25 K.Hartmann / B. Cubic APPIC April 17, Content of Cultural Competence Training Fall 2008Spring 2009 Psychology Facultys own cultural backgrounds Mental health disparities in the US. Cultural competence and evidence-based practice Culturally competent clinical case concep- tualizations Ingredients of cultural competent supervision Cultural adaptations for Trainees Cultural challenging supervisory situations for Faculty

26 K.Hartmann / B. Cubic APPIC April 17, Cultural Competence Training Educational Objectives: Part One 1. Define cultural competence as it applies to our ability to teach and train supervisees. 2. Define areas of improvement for our own cultural competence as faculty based on the needs assessment. 3. Discuss cultural competence awareness, knowledge, and skills that will enhance our ability to teach and supervise psychology interns for treating diverse patients

27 K.Hartmann / B. Cubic APPIC April 17, Example of a Cultural Framework ADDRESSING by P. A. Hays, 1996 Age and generational influences Developmental and acquired Disabilities Religion and spiritual orientation Ethnicity Socioeconomic status Sexual orientation Indigenous heritage National origin Gender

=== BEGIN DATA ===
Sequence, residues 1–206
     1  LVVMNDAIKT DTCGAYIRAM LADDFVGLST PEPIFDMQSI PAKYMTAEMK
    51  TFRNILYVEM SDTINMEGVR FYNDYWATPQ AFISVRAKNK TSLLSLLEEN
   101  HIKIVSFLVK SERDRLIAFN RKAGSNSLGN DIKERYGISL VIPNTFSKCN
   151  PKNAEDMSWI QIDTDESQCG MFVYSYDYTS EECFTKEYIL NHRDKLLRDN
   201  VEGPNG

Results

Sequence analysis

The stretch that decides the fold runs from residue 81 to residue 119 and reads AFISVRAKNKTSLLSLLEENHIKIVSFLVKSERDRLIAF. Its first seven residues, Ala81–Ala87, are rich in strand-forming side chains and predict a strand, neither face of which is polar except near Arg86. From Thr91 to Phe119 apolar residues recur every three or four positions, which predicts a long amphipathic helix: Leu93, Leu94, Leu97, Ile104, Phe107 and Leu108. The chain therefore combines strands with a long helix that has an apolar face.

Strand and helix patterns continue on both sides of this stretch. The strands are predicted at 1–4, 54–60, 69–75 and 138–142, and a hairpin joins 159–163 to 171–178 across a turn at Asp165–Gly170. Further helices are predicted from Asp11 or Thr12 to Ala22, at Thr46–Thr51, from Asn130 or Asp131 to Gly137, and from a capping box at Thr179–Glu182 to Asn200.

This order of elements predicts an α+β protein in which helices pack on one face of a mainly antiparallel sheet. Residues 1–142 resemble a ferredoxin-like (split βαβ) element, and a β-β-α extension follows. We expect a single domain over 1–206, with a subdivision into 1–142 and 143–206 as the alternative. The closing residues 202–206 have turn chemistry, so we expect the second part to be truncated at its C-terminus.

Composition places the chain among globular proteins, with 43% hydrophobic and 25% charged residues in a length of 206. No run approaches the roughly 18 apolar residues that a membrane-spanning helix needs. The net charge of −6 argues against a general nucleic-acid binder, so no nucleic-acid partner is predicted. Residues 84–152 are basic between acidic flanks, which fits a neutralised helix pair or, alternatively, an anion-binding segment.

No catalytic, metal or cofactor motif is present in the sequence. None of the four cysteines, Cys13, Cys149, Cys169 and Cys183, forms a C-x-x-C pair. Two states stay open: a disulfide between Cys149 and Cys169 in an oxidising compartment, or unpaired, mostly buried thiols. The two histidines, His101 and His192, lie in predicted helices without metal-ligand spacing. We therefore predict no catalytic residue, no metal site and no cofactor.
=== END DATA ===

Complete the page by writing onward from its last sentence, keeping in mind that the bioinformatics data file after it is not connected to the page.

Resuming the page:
28 K.Hartmann / B. Cubic APPIC April 17, Evidence-Based Practice and Cultural Adaptations Cultural Adaptation: Any modification to an evidence based treatment to accommodate the cultural beliefs, attitudes, and behaviors of the target population that involves changes in the approach to service delivery or the nature of the therapeutic relationship or in components of the treatment itself Whaley & King (2007) Examples of Cultural Adaptations for Specific Groups: